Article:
It’s not a surprise that we’re constantly flooded with a number of scams, spams, and robocalls. What makes those calls even worse is when callers trick us into picking up the phone by disguising themselves as legitimate businesses. This is better known as “phone spoofing.”
Recognizing this growing issue, U.S. Representative Grace Meng (D-Queens) took a stance with the Anti-Spoofing Act (H.R. 2669). Passed by the House of Representatives last November, and most recently by the House, the bill is now making its way to the Senate.
Meng’s bill will make call and text spoofing outside of the U.S. illegal and according to her press release would:
- Broaden the law to prohibit spoofing from abroad. Presently, spoofing to defraud Americans is not against the law if the calls originate from outside the U.S.
- Broaden the law to include new internet-based Voice over Internet Protocol (VoIP) services that enable callers to make outgoing-only calls from computers and tablets to mobile and landline phones, a practice that has contributed significantly to the spoofing problem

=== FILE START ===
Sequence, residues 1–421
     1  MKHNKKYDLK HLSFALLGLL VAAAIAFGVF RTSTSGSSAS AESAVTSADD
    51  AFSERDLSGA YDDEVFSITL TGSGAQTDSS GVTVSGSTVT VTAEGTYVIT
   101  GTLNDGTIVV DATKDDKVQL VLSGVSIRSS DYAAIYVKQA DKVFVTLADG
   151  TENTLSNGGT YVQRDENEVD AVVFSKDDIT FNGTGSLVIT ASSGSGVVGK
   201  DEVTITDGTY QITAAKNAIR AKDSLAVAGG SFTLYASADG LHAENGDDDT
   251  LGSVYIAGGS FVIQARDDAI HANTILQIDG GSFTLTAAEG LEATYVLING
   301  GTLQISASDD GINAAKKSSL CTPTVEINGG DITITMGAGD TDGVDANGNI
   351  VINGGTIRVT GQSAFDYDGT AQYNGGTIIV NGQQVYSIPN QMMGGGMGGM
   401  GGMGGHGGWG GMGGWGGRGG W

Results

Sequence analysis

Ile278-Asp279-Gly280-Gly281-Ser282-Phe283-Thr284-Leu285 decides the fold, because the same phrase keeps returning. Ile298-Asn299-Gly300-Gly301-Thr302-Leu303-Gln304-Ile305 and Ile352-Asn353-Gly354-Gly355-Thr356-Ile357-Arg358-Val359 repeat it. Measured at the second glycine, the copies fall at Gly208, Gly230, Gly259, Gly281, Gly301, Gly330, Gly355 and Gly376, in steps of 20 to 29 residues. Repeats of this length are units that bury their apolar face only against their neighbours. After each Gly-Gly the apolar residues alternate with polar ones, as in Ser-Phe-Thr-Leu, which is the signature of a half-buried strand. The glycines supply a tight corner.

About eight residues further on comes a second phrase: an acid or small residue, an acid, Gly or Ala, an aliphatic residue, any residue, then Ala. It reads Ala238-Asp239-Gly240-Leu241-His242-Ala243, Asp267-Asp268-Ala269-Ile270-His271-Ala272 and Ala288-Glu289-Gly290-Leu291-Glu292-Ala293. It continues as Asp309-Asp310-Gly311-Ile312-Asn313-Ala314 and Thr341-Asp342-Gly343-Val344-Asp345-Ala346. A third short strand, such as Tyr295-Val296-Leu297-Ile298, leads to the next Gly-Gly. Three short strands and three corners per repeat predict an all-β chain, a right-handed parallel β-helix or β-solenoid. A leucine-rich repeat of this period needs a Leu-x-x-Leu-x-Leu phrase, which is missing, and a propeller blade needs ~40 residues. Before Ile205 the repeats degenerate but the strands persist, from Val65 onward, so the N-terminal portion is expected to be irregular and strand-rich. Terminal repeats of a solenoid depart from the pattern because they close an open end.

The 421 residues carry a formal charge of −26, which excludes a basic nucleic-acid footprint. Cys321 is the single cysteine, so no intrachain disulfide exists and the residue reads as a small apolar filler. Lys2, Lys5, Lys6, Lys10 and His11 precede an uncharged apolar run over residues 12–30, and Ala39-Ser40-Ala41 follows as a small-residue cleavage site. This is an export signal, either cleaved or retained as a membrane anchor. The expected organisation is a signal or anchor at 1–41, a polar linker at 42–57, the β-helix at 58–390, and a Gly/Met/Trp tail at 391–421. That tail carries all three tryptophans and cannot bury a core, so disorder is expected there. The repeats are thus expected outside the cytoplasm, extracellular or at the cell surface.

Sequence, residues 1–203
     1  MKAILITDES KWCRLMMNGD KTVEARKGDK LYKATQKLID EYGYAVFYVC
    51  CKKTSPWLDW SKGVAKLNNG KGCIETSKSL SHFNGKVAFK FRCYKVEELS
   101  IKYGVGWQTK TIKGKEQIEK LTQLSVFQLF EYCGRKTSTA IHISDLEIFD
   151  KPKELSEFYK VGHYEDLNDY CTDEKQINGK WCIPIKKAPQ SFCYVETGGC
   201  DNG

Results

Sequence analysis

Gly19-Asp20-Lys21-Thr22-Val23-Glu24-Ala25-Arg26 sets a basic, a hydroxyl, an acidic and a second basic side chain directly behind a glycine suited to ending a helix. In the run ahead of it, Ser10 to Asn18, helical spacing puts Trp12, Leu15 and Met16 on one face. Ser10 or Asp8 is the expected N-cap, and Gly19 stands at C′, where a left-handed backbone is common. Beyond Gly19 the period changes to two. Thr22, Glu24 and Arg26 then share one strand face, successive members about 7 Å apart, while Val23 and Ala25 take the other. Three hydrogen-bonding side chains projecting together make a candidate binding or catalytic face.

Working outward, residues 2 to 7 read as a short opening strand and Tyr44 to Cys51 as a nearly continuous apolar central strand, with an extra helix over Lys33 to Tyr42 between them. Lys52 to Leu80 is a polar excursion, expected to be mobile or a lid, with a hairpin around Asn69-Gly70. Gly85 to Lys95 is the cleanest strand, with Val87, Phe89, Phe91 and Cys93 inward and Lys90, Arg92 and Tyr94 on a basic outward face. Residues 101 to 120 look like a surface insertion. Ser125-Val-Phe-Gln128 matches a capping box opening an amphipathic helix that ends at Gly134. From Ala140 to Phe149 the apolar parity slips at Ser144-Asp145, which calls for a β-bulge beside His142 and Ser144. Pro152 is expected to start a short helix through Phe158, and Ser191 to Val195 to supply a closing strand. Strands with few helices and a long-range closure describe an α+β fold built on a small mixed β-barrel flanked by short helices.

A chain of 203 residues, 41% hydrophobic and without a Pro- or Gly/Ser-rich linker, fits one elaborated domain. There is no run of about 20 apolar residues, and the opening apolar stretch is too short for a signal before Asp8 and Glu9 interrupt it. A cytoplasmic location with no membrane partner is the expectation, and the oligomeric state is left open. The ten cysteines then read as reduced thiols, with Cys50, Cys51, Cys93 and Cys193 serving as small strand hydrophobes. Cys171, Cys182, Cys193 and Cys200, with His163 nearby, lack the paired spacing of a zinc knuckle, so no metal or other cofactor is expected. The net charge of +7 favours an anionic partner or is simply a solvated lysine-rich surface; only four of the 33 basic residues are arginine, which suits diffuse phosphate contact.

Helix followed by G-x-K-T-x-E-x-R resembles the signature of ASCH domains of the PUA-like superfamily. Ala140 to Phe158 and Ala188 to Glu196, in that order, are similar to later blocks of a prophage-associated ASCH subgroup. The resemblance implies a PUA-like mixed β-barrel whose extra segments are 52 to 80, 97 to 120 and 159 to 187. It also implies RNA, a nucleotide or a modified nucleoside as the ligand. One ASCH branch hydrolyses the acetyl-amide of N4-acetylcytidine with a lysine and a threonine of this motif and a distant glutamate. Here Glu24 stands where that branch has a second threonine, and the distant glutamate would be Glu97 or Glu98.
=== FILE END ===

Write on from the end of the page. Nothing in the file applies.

- Broaden the law to include text messaging, a spoofing method that fraudsters use with increased regularity
A spokesperson for Congresswoman Meng agreed that it is difficult to enforce outside the country. However, he said that if this bill passes, it would give victims the opportunity to sue the offender. If they have any assets in the United States, those could be seized should a victim win the lawsuit, reported WHEC News 10.
Senator Chuck Schumer who introduced the ROBOCOP Act, spawning the FCC’s fight against robocalls, is in support of Meng’s legislation.